Single-Entry Bookkeeping

Single-entry bookkeeping is also known as single-entry accounting. It is a method of bookkeeping where one-sided accounting entry is made to maintain financial information. The primary bookkeeping record in single-entry bookkeeping is the cash book.

Sinking Fund

A sinking fund is a fund established by an economic entity by setting aside revenue over a period of time to fund a future capital expense or repayment of long-term debt. Sinking funds may help pay off the debt at maturity or assist in buying back bonds on the open market.

Social Responsibility Accounting

Social accounting is the process of communicating the social and environmental effects of organizations’ economic actions to particular interest groups within society and to society at large. It is different from public interest accounting as well as from critical accounting.

Straight Line Method

The straight-line method is an accounting measurement of calculating depreciation and amortization, the process of expensing an asset over a longer period of time than when it was purchased. It is calculated by dividing the difference between an asset’s cost and its expected salvage value by the number of years it is expected to be used.

Subscribed Share Capital

Subscribed shares are shares that investors have promised to buy. These shares are usually subscribed as part of an initial public offering (IPO). When a company issues shares to raise funds, it may or may not find the investors for all of its shares. Thus, the part of issued share capital for which the company has successfully found the subscribers is known as subscribed share capital.

Subsidiary Book

Subsidiary books are books of original entry. In the normal course of business, a majority of transactions are either related to sales, purchases, or cash. So we record transactions of the same or similar nature in one place, i.e. the subsidiary book. And we record these transactions in chronological order.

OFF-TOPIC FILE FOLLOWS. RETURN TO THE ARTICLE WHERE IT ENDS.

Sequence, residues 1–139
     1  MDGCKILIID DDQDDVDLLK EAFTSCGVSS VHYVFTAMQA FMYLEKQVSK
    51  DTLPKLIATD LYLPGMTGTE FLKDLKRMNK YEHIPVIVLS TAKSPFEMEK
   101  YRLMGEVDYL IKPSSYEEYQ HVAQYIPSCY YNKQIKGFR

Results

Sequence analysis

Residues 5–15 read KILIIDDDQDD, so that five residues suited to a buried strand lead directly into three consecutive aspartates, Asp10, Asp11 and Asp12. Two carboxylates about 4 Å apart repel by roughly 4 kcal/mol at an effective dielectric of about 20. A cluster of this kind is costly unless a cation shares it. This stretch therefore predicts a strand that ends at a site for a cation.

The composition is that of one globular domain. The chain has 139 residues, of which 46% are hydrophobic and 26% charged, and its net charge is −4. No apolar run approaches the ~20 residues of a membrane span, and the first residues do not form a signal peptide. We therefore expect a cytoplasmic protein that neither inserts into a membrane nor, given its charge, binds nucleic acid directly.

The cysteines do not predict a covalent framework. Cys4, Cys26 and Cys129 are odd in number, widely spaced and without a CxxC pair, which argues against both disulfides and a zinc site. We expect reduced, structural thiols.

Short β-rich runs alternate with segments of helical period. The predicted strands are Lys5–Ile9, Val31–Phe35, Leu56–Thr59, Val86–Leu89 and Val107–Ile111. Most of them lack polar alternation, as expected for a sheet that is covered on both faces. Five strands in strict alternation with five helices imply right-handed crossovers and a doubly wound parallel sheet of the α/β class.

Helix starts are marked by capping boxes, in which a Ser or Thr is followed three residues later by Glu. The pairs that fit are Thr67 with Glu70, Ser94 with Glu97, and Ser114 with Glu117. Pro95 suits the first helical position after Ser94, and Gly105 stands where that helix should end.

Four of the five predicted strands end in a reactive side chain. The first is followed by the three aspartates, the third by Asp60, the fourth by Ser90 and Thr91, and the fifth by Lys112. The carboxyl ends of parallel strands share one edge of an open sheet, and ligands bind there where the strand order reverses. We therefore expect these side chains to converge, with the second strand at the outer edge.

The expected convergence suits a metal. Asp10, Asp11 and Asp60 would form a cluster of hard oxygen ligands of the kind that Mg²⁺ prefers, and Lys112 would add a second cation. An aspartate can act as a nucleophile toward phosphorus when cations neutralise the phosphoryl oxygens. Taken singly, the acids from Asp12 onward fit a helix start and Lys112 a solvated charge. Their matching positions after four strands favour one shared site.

Substance Over form

Substance over form is an accounting principle used “to ensure that financial statements give a complete, relevant, and accurate picture of transactions and events”. Conversely, the information appearing in the financial statements should not merely comply with the legal form in which they appear.

Sundry Creditor

A person who gives goods or services to the business in credit or does not receive the payment immediately from the business and is liable to receive the payment from the business in the future is called a Sundry Creditor. Businesses use an account to track these transactions and they are called Sundry Creditor accounts or Accounts Payable.

Sundry Debtors

A person who receives goods or services from a business in credit or does not make the payment immediately and is liable to pay the business in the future is called a Sundry Debtor. Businesses use an account to track these transactions and they are called Sundry Debtor account or Accounts Receivable.

Surplus

A surplus is the residual amount of resources remaining after a period of use. An inventory surplus occurs when products remain unsold. A budgetary surplus occurs when earned income exceeds expenses paid. In accounting, a surplus refers to the number of earnings recorded on an entity’s balance sheet. Here surplus is considered good as it implies that there are additional resources available that can be used in the future. In manufacturing, a surplus refers to excess quantities of goods that were produced but could not be sold. Here, a surplus can be bad, as excess goods tend to tie up working capital and may need to be written off if they become obsolete or wear out.

Suspense Account

A suspense account is an account of a general ledger used temporarily to carry doubtful entries and discrepancies pending their analysis and permanent classification. Suspense accounts are routinely cleared out once the nature of the suspended amounts are resolved, and are subsequently shuffled to their correctly designated accounts.

Trade Creditor

A trade creditor is a supplier that provides goods and services to its customers on credit terms. A trade creditor typically analyzes the financial statements, credit reports, and payment histories of its customers when deciding how much credit to extend to them. If it no longer chooses to extend credit to a customer, then it is no longer a trade creditor in relation to that specific customer.

Trade Debtors

A trade debtor is a person who buys goods or services from a business in the normal course of trade and is allowed a period of credit before payment is due.